How they are able to do that? They all use an internal redirect script that first redirects a visitor to an HTTP page (which creates its own referrer data) before sending the visitor to the actual URL on an HTTP website.

For example, if you click on this link:

http://www.abc.com/excel-seo-powerful-cheat-sheet-boost-productivity/

from the following Google+ page:

https://plus.google.com/109426632283601974817/posts

you will first be temporarily redirected to the following URL:

http://plus.url.google.com/url?sa=z&n=1400603253616&url=http%3A%2F%2Fwww.abc.com%2Fexcel-seo-powerful-cheat-sheet-boost-productivity%2F&usg=Yr4dTmDnq34M5t5_Y93W7CqqLJk

Then you will be redirected to:

http://www.abc.com/excel-seo-powerful-cheat-sheet-boost-productivity/

All of this will happen so fast, that you can’t easily identify that you were first redirected to an intermediate HTTP page. 

Here Google+ is not sending the original referral data from an HTTPs website to an HTTP website thus honouring the Secure Protocol which states that:

If a website is accessed from an HTTP Secure (HTTPS) connection and a link points to anywhere except another secure location, then the referer field is not sent.

Source: https://en.wikipedia.org/wiki/HTTP_referer

So what Google+ is doing here is, creating its own referrer data by using an intermediate page (http://plus.url.google.com/url?) something like this:

<a href=”http://plus.url.google.com/url?sa=z&n=1400603604168&url=http%3A%2F%2Fwww.abc.com%2Fexcel-seo-powerful-cheat-sheet-boost-productivity&usg=ZSnkIqTswUCpggL84jvJcY3KXfk”>https://www.abc.com/excel-seo-powerful-cheat-sheet-boost-productivity/</a>

Facebook and twitter follow the same tactic. They create and send their own referrer data instead of the original referrer data. Facebook uses facebook.com/l.php as an intermediate page, whereas twitter uses t.co/ as an intermediate page.

Now since these social networks do not send the original referrer data, they can rewrite the referrer data whatever way they want and can hide any information they like. Another advantage of using this tactic is that these social networks can easily hide personally identifiable information and can thus protect users’ privacy.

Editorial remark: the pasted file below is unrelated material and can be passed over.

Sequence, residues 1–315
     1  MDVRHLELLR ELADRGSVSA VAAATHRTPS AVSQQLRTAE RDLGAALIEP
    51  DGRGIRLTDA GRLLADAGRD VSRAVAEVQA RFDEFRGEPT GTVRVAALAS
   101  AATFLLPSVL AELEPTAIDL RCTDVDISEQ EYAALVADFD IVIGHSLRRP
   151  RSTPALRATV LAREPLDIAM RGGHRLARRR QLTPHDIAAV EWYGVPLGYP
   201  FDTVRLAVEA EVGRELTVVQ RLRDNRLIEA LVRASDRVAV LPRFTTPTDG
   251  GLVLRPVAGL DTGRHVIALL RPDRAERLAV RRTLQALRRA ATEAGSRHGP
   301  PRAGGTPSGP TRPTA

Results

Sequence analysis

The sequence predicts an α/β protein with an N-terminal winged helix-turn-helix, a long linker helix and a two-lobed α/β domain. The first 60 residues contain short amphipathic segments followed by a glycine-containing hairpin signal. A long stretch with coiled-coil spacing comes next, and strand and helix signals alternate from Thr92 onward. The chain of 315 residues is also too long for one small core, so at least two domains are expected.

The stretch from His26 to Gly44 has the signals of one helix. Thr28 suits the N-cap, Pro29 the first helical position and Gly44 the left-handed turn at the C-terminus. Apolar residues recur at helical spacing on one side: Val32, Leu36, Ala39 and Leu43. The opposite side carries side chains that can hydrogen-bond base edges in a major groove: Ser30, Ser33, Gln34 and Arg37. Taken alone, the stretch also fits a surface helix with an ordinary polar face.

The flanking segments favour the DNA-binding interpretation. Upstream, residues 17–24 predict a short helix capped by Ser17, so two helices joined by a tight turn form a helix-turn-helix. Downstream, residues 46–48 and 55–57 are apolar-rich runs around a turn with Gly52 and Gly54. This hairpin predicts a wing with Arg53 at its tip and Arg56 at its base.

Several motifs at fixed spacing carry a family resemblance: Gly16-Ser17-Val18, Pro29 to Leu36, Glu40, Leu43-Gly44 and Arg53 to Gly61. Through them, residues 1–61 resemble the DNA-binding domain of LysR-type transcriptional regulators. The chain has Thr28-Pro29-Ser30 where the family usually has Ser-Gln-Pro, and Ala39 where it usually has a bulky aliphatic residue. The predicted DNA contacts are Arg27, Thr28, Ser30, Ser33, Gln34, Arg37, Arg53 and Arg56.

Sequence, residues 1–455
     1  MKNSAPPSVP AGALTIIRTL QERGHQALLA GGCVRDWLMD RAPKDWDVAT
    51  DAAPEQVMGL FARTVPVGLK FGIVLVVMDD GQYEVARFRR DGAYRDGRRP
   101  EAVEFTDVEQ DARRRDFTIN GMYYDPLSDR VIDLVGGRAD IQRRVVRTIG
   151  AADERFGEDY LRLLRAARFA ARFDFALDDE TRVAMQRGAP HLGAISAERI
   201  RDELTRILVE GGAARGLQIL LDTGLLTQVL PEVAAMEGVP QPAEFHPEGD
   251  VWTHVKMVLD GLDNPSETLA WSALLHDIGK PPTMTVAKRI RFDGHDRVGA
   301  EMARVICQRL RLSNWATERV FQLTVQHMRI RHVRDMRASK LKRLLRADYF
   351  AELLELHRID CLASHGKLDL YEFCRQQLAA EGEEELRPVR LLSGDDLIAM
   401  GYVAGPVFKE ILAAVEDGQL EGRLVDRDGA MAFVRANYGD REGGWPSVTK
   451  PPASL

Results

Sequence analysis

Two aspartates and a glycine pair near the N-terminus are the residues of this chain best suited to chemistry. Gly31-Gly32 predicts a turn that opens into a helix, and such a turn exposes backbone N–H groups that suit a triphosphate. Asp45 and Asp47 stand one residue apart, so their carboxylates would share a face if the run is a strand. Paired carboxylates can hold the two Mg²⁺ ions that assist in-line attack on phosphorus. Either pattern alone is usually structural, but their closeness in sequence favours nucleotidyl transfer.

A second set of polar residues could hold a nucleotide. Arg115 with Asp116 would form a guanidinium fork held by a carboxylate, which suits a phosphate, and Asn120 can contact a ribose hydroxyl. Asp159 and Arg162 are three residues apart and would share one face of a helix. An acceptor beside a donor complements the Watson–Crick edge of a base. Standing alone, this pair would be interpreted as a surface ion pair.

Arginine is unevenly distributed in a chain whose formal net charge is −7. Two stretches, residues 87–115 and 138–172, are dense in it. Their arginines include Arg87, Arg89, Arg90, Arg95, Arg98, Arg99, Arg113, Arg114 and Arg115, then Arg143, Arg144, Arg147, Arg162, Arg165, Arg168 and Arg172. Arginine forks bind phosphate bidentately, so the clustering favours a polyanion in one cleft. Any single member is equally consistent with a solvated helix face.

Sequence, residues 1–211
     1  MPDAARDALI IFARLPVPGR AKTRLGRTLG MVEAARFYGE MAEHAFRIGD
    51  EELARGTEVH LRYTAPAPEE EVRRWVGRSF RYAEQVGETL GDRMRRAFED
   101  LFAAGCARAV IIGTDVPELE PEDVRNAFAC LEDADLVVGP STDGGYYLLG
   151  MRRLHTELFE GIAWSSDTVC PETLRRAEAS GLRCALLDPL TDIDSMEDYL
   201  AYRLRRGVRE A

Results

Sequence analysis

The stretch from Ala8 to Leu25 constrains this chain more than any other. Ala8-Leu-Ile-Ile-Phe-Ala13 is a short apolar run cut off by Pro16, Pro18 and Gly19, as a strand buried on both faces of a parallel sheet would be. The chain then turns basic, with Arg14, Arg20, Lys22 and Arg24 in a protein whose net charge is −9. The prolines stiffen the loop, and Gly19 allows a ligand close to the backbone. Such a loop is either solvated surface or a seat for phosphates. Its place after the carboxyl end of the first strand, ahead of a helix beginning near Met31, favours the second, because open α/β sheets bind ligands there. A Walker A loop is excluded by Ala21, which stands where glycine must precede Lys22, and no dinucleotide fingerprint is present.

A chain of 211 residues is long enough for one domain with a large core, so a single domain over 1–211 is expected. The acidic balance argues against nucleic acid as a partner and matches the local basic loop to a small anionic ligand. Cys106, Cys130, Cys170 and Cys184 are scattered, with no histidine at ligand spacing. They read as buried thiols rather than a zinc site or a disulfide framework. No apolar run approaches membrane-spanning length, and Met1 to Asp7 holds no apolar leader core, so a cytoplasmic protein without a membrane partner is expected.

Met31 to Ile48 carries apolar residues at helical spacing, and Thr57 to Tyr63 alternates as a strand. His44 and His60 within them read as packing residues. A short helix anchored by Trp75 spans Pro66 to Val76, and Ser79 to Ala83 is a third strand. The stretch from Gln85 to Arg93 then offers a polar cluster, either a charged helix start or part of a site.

Google Search Engine also use the same tactic as it redirects you through another URL. That is why even when being on a secure connection, Google is able to send referrer data to HTTP websites. 

Since Google doesn’t send you the original referrer data, it can also rewrite the referrer data whatever way it wants and can hide any information it likes. So Google chooses to hide the ‘keyword’ data from its referrer via ‘not provided’ keywords.

You can use the same tactic to send referrer data from your HTTPS website to any HTTP website.

What referrer data are search engines sending to an HTTP website?

If you want to know what referrer data search engines (like Google, Bing and Yahoo) are sending to an HTTP website, then follow the steps below:

Step-1: Install the Get Referrer URL chrome extension. When you install the extension, it appears as a letter ‘R’ on top right-hand side of your browser:

Step-2: Search for a keyword phrase for which your HTTP website rank on the first page of Google and then click on your website listing in the search results.

Step-3: Click on the ‘R’ button to see the referrer URL:

You can also use the ‘Get Referrer URL chrome extension’ when you navigate from one web page of your website to another. If you do not see the referrer URL then it means the traffic to another page is treated as direct traffic by Google Analytics:

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Himanshu Sharma

Digital Marketing Consultant and Founder of Optimizesmart.com

Himanshu helps business owners and marketing professionals in generating more sales and ROI by fixing their website tracking issues, helping them understand their true customers' purchase journey and helping them determine the most effective marketing channels for investment.

He has over 12 years of experience in digital analytics and digital marketing.

He was nominated for the Digital Analytics Association's Awards for Excellence. The Digital Analytics Association is a world-renowned not-for-profit association that helps organisations overcome the challenges of data acquisition and application.

He is the author of four best-selling books on analytics and conversion optimization: